If you have that one friend who keeps breaking Windows somehow yet doesn't want to use any Linux system, or dumb users who keep receiving malware which locks them out of their system then this article will help you become their hero, whether or not they deserve it.
I already covered a lot about filesystem prep in this article, which you may want to read if you want my opinions and ideals for configuring an open-source system but it can be used for just about anything so feel free to use the same advice for Windows.
Provisioning for a Windows Recovery Environment
Setting it up
If you wish to have a Windows installation and recovery media on your PC it shouldn't be too hard to make that happen;
- Install and use
gparted to make space
- At least 4,096 megabytes should do
- Shrink any of the partitions you can to fit a new NTFS partition in
- Use your system's archive manager to extract a Windows ISO into the new partition
It's really that simple. No complicated tools, no tricks, no bollocks... except if you can't shrink a partition, since all some parts will ever do is grow. In those cases you will need to procure another device to transfer a partition's contents into before destroying and re-creating the partition.
If you happen to need that partition on boot, such as using it as cross-system storage and you didn't specify in
/etc/fstab to find and mount it by label, then sucks for you; you should do that before using another media to destroy that partition so recreation is easier.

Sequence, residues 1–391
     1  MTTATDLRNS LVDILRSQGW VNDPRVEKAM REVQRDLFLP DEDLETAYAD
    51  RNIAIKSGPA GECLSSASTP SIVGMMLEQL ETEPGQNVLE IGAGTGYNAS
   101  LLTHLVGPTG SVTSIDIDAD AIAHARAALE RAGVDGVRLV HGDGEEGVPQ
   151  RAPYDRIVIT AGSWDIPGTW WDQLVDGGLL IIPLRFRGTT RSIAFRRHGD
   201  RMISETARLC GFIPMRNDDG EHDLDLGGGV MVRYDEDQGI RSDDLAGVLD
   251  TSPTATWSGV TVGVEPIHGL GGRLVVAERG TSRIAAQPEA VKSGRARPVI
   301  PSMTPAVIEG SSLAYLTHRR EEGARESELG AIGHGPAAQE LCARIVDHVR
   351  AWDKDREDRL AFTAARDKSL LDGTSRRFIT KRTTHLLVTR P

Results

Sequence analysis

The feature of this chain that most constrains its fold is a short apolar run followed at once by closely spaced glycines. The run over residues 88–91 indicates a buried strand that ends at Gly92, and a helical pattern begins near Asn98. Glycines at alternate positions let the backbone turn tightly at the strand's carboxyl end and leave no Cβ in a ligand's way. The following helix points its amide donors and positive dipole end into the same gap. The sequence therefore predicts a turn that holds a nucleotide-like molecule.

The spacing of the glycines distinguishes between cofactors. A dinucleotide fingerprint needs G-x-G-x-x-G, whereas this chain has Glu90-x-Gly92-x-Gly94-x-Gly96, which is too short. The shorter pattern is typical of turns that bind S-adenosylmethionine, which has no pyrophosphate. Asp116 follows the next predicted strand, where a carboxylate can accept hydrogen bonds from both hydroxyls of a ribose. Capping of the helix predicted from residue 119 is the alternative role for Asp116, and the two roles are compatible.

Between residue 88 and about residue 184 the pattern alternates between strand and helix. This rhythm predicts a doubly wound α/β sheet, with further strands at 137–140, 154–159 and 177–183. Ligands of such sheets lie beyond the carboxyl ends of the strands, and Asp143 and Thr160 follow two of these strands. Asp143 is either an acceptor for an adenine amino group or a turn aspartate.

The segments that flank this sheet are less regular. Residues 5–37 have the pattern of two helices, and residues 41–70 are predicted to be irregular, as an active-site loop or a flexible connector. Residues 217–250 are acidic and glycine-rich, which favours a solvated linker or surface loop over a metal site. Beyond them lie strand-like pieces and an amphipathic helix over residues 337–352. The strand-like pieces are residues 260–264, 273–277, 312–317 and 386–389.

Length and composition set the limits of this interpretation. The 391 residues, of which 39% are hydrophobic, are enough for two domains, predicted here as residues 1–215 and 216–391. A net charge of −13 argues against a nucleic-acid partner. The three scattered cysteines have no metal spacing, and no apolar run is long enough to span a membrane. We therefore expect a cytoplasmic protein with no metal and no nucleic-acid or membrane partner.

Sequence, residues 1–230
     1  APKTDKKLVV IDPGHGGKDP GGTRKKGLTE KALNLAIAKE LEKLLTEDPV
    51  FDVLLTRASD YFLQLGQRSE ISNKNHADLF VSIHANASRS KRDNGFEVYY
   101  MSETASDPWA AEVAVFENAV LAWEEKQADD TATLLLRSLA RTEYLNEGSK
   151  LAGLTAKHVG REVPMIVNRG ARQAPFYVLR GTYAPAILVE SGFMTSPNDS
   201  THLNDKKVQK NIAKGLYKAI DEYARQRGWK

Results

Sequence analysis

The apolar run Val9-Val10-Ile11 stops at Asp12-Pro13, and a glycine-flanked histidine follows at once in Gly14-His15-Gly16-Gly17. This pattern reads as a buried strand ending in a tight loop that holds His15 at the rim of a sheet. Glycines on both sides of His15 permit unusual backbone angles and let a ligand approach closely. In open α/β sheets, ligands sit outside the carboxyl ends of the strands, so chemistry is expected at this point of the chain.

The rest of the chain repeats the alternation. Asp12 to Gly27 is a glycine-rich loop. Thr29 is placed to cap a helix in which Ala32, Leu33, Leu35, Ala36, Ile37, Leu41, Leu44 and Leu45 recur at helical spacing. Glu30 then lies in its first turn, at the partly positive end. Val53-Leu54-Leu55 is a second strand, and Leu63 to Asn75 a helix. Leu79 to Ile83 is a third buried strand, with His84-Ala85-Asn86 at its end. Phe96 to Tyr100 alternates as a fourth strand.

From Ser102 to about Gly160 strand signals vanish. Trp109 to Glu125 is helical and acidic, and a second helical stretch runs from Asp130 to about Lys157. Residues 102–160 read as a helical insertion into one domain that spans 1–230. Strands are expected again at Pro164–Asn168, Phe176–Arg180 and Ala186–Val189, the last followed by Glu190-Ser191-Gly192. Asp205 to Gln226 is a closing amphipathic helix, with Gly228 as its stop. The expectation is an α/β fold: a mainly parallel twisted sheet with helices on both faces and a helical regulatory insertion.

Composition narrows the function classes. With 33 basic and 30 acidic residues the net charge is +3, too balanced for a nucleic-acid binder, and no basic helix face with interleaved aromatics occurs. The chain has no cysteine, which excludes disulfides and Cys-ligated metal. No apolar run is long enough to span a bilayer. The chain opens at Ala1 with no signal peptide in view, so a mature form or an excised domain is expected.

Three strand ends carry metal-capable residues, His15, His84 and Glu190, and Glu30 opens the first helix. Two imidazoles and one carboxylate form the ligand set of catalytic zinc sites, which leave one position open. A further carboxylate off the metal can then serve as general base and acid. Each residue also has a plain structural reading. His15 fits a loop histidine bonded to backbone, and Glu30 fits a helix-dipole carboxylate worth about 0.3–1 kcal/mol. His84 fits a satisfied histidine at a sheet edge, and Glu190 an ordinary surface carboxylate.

Making it usable
After you had successfully installed the recovery and installation media into the NTFS partition provisioned for it, then all you need to do is this;
GRUB will detect the media is there, and you can use it on next reboot by accessing it from the GRUB menu.
Rinse and repeat. An extended partition may be necessary, But at this point if you are doing the whole external setup thing you'd already have a part for root, a part for home and a part for swap so extended may be your only option, which would still allow for common system storage so you can access files in Windows, but also the various partitions used for installing different copies of Windows or other systems.
But it's so messy...
After so many parts the media will become a bit of a mess to navigate so to mitigate some of that mess one could customize the GRUB menu easily with a tool by Daniel Richter called GRUB Customizer. Install as shown;
sudo add-apt-repository ppa:danielrichter2007/grub-customizer
sudo apt update
sudo apt install grub-customizer
Finally run GRUB Customizer and rearrange the GRUB menu. It's a little tricky to use but it works; you can hold
<Ctrl> for selecting multiple systems, then right-click and choose to make a submenu which would allow for hiding various selections under another menu within GRUB. Rename any entries shown as desired.